Mike Silbersack wrote:
> What probably should be done, if you have time, is to add a bit of
> profiling to your patch to find out how it helps most.  I'm curious how
> many times it ends up looping, and also why it is looping (whether this is
> due to receive or transmit.)  I think knowing this information would help
> optimize the drivers further, and perhaps suggest a tact we haven't
> thought of.

On 960 megabits per second on a Tigon III (full wire speed,
non-jumbogram), the looping is almost entirely (~85%) on
the receive side.

It loops for 75% of the hardware interrupts in the LRP case
(reduction of interrupts from 12,000 to 8,000 -- 33%).

This is really expected, since in the LRP case, the receive
processing is significantly higher, and even in that case,
we are not driving the CPU to the wall in interrupt processing.

In the non-LRP case, the percentage drop in interrupt overhead
is ~10% (as has been observed by others).  THis makes sense,
too, if you consider that NETISR driving of receives means
less time in interrupt processing.  If we multiply the 15%
(100% - 85% = 15% in transmit) by 3 (12000/(12000-8000) =
100% / 33% = 3), then we get 45% in transmit in the non-LRP

It would be nice if someone could confirm that slightly less
than 1/2 of the looping is on the transmit side for a non-LRP
kernel, but that's about what we should expect...

> > I don't know if anyone has tested what happens to apache in
> > a denial of service attack consisting of a huge number of
> > partial "GET" requests that are incomplete, and so leave state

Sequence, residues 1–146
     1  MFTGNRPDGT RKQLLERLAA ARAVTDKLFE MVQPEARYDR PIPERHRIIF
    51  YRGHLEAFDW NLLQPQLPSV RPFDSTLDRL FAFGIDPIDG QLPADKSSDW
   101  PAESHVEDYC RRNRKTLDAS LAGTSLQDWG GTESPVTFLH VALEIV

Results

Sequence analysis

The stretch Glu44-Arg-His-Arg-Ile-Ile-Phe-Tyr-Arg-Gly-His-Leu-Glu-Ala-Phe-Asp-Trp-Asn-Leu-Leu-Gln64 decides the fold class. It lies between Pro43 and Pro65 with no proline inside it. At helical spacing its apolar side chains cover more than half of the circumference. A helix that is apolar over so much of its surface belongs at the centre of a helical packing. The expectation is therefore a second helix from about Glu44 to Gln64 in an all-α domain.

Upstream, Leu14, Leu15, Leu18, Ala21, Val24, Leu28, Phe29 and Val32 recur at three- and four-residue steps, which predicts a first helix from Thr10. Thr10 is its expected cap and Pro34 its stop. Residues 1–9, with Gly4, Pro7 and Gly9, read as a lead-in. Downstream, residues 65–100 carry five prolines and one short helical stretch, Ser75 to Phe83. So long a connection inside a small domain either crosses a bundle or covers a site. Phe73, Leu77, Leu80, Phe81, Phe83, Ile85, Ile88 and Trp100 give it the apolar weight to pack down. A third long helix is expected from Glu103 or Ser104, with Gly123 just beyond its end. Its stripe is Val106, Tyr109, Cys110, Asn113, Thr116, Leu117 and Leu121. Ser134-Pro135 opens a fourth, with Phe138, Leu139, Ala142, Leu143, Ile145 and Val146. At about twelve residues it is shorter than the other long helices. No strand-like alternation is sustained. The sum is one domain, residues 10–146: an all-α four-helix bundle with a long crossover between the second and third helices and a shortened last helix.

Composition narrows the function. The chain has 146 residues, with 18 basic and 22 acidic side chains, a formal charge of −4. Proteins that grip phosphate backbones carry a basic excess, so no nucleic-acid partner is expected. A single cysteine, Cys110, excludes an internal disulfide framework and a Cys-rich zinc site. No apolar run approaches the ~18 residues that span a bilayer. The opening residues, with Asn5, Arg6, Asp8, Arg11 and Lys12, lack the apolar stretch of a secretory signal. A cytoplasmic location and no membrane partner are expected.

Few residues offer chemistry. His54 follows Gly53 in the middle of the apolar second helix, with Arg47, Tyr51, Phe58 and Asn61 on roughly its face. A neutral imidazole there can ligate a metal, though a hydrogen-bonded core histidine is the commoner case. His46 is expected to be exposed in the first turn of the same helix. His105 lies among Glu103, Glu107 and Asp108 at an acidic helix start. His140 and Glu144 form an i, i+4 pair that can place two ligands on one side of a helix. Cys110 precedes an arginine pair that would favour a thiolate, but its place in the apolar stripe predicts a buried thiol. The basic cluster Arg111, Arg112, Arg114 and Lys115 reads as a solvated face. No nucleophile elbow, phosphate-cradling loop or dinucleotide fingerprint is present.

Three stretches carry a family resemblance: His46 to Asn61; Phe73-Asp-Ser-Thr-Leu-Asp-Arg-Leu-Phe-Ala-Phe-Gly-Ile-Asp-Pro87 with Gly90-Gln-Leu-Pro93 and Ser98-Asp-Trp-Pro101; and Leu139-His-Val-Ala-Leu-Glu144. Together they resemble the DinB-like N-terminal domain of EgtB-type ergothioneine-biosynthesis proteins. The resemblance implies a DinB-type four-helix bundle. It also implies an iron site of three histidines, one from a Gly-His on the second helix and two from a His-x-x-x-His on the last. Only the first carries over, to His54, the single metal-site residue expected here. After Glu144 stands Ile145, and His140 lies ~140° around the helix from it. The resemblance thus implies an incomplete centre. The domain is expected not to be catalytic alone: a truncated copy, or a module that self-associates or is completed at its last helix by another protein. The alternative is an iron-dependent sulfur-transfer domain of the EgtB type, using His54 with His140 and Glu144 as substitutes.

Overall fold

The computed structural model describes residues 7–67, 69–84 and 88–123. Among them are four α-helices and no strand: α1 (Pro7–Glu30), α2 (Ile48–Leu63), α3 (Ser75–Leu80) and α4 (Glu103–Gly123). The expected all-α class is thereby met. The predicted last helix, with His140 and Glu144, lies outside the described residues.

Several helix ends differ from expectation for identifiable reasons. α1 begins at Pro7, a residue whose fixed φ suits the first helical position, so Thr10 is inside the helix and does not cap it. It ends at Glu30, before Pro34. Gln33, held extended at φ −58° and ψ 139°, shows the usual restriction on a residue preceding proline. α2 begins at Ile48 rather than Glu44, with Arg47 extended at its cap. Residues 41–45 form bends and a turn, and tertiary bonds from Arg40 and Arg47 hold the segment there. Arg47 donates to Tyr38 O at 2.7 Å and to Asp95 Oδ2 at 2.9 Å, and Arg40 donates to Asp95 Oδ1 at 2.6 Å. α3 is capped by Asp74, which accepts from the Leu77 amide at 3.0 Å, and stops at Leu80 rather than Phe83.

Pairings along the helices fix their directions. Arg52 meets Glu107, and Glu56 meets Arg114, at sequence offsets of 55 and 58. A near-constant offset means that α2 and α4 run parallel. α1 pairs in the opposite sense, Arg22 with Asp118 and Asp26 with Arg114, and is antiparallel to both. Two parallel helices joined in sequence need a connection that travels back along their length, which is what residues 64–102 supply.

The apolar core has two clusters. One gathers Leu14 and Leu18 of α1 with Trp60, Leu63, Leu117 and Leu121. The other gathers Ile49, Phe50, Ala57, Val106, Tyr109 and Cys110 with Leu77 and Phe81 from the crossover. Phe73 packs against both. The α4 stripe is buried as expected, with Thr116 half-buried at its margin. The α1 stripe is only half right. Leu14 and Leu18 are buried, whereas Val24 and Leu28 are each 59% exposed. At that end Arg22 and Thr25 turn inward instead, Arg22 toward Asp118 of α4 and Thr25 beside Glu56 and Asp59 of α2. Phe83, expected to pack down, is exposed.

> > hanging around in the HTTP server...
> I'm sure it would keel over and die, since it needs a process
> per socket.  If you're talking about sockets in TIME_WAIT or
> such, see netkill.pl.

I was thinking in terms of connections not getting dropped.

The most correct way to handle this is probably an accept
filter for <CR><LF><CR><LF>, indicating a complete GET
request (still leaves POST, though, which has a body), with
dropping of long duration incomplete requests.  Unfortunately,
without going into the "Content-Length:" parsing, we are
pretty much screwed on POST, and very big POSTs still screw
you badly (imagine a "Content-Length: 1000000000").  You
can mitigate that by limiting request size, but you are
still talking about putting HTTP parsing in the kernel,
above and beyond simple accept filters.

I'm really surprised abuse of the HTTP protocol itself in
denial of service attacks isn't more common.

> > Yes.  Floyd and Druschel recommend using high and low
> > watermarks on the amount of data pending processing in
> > user space.  The most common approach is to use a fair
> > share scheduling algorithm, which reserves a certain
> > amount of CPU for user space processing, but this is
> > somewhat wasteful, if there is no work, since it denies
> > quantum to the interrupt processing, potentially wrongly.
> I'm not sure such an algorithm would be wasteful - there must be data
> coming in to trigger such a huge amount of interrupts.  I guess this would
> depend on how efficient your application is, how you set the limits, etc.

Yes.  The "waste" comment is aimed at the idea that you
will most likely have a heterogeneous loading, so you can
not accurately predict ahead of time that you will spend
80% of your time in the kernel, and 20% processing in user
space, or whatever ratio you come up with.  This becomes
much more of an issue when you have an attack, which will,
by definition, end up being asymmetric.

In practice, however, no one out there has a pipe size in
excess of 400 Mbits outside of a lab, so most people never
really need 1Gbit of throughput, anyway.  If you can make
your system handle full wire speed for 1Gbit, you are pretty
much safe from any attack that someone might want to throw
at you, at least until the pipes get larger.

Even ignoring this, there's a pretty clear off the shelf
hardware path to a full 10 gigabits, with PCI-X (8 gigabits
times 2 busses gets you there, which is 25 times the largest
UUNet hosting center pipe size today).

Fair share is more a problem for slower interfaces without
hardware coelescing, and software is an OK band-aid for
them (IMO).

I suspect that you will want to spend most of your CPU time
doing processing, rather than interrupt handing, in any case.

-- Terry

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